We have assurance that “the Spirit giveth light to every man” and “every one that hearkeneth to the voice of the Spirit cometh unto God, even the Father” (D&C 84:46–47). “The word of the Lord is truth, and whatsoever is truth is light” (D&C 84:45). The question is, then, how do we obtain light and truth?
“He that keepeth his commandments receiveth truth and light, until he is glorified in truth and knoweth all things” (D&C 93:28).
We know that God loves us. The supreme example of that love is the gift of His Only Begotten Son:
“In this was manifested the love of God toward us, because that God sent his only begotten Son into the world, that we might live through him” (1 Jn. 4:9).
“Hereby perceive we the love of God, because he laid down his life for us” (1 Jn. 3:16).
Though God loves us perfectly, He will not force us to love Him in return. We are invited to “abide” in His love (see John 15:10), but we must freely choose to do so. The closeness we feel to God depends upon whether or not we love Him, so how can we show that love?
We show love to God when we obey the second great commandment: “Thou shalt love thy neighbour as thyself” (Matt. 22:39). And this commandment cannot be kept only within our hearts. We show love with our deeds. “My little children, let us not love in word, neither in tongue; but in deed and in truth” (1 Jn. 3:18). John is emphatic about the importance of loving others. “He that loveth not his brother whom he hath seen, how can he love God whom he hath not seen? And this commandment have we from him, That he who loveth God love his brother also” (1 Jn. 4:20–21).
John speaks, too, of the special bond of love that should exist among those who are true followers of the Savior: “Whosoever believeth that Jesus is the Christ is born of God: and every one that loveth him that begat loveth him also that is begotten of him” (1 Jn. 5:1). In other words, those who have been spiritually reborn in Christ will love those who have also been begotten of Him.
And John tells us that the Saints, through love, ought to be willing to sacrifice for one another: “Hereby perceive we the love of God, because he laid down his life for us: and we ought to lay down our lives for the brethren” (1 Jn. 3:16).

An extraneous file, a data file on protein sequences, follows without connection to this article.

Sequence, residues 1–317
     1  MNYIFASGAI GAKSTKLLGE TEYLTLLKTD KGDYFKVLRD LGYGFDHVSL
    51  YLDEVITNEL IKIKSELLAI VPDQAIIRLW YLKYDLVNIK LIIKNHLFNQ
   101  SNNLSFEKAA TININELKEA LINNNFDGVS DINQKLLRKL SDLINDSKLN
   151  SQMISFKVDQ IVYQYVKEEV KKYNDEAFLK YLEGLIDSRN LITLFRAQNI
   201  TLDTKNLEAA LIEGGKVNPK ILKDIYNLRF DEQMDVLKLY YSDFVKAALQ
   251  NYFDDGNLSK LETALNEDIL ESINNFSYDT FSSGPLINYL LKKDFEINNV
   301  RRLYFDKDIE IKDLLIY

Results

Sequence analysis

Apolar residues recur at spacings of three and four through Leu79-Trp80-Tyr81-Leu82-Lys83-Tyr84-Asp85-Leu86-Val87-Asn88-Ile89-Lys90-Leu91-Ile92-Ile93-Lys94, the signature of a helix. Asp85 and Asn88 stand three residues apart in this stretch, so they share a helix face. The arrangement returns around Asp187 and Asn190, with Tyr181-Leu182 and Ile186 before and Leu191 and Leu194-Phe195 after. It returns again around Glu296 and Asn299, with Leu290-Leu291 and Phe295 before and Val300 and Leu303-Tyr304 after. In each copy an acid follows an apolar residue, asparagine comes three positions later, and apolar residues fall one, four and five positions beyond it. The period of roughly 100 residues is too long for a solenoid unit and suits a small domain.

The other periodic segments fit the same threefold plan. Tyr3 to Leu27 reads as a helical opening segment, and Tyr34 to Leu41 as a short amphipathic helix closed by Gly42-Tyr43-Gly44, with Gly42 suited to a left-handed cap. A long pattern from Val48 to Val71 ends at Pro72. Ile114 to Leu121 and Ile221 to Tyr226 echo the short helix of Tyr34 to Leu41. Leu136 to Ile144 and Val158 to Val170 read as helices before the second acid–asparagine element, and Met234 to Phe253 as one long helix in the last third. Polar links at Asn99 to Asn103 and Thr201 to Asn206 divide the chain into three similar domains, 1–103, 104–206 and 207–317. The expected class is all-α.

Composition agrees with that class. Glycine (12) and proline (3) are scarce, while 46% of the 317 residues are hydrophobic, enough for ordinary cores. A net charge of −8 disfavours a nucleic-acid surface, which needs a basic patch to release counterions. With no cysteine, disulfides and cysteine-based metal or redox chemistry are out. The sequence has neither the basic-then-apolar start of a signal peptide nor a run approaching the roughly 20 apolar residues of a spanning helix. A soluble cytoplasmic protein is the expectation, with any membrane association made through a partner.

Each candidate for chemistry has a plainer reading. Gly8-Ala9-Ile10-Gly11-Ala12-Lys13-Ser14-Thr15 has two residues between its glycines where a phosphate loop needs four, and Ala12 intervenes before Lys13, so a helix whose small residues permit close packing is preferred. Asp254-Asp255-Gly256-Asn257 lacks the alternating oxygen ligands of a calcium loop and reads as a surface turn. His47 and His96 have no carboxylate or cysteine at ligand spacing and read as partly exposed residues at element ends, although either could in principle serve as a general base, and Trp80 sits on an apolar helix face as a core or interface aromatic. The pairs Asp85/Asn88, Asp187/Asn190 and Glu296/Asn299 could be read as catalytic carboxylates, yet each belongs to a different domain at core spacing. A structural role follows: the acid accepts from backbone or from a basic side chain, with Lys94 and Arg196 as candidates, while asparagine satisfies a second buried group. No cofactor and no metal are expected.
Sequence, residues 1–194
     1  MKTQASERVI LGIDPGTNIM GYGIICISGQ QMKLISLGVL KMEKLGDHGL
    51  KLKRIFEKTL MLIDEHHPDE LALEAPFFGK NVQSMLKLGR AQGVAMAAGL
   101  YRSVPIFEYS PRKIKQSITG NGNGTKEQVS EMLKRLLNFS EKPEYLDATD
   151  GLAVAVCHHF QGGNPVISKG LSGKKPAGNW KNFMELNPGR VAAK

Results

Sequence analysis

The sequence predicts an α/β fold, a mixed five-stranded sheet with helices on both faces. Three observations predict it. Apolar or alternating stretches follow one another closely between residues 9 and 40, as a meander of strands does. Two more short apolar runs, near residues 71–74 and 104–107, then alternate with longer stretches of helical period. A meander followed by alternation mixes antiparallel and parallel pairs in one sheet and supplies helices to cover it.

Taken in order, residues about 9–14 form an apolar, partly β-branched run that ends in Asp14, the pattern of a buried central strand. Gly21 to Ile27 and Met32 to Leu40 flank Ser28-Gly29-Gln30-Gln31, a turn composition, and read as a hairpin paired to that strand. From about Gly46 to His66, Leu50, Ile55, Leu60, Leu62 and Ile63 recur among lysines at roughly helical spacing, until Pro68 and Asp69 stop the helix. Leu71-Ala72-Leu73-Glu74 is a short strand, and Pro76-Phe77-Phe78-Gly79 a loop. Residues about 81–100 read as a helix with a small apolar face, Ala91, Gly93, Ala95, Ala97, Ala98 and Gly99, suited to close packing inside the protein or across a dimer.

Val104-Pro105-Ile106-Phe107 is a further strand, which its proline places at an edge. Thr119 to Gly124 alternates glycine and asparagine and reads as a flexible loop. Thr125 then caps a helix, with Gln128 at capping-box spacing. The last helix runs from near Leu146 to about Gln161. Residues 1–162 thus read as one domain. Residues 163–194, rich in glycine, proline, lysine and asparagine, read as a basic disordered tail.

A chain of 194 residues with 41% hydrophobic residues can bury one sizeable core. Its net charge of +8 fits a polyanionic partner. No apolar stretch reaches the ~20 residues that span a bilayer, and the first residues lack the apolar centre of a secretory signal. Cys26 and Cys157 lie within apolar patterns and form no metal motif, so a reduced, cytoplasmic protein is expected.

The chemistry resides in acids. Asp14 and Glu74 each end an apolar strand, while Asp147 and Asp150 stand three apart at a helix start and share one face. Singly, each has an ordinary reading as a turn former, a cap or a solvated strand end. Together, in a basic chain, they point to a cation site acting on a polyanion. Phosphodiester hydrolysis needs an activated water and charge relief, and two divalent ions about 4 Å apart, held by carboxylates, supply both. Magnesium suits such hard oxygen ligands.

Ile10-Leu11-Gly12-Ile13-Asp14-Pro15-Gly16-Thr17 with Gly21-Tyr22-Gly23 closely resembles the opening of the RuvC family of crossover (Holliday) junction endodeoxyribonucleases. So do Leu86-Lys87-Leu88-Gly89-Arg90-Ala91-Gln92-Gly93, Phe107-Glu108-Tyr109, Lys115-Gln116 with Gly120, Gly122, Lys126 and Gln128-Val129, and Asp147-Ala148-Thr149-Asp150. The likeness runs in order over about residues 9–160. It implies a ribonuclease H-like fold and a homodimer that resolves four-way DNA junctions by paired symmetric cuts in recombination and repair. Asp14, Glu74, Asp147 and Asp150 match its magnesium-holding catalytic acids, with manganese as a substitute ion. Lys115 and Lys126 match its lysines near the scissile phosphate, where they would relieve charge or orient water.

Some years ago, I had an experience that made me realize how powerful that principle of brotherly love is. I was climbing a steep mountain with a close friend. We reached a place near the top where it was necessary to make a long step across a cleft in the rock face. The step would require a moment of unbalance when the weight of one foot well planted on solid rock would be shifted to the foot not yet planted securely on the other side. The cleft was not wide, but the drop below was more than 1,000 feet (300 m).
My friend grasped my hand as a counterbalance and stepped across. After obtaining a secure handhold on the opposite side, he then reached out for my hand. I trusted him. I loved him, and I knew he loved me. I confidently reached for his hand and crossed, secure in his grip. As I reached the other side, and before he let go of my hand, he asked, “Are you safe?” Only when I answered in the affirmative did he let my hand go.
In a day when men are “lovers of their own selves” and “without natural affection” (2 Tim. 3:2–3) and when “the love of many shall wax cold” (Matt. 24:12), we can find spiritual safety and a sure anchor for our souls in love of God and of our fellowmen. As we fulfill the two great commandments, John assures us that we will find fellowship with the Father: “If we love one another, God dwelleth in us, and his love is perfected in us” (1 Jn. 4:12). And in a time that is becoming ever more fearful, we can come to know personally that “perfect love casteth out fear” (1 Jn. 4:18).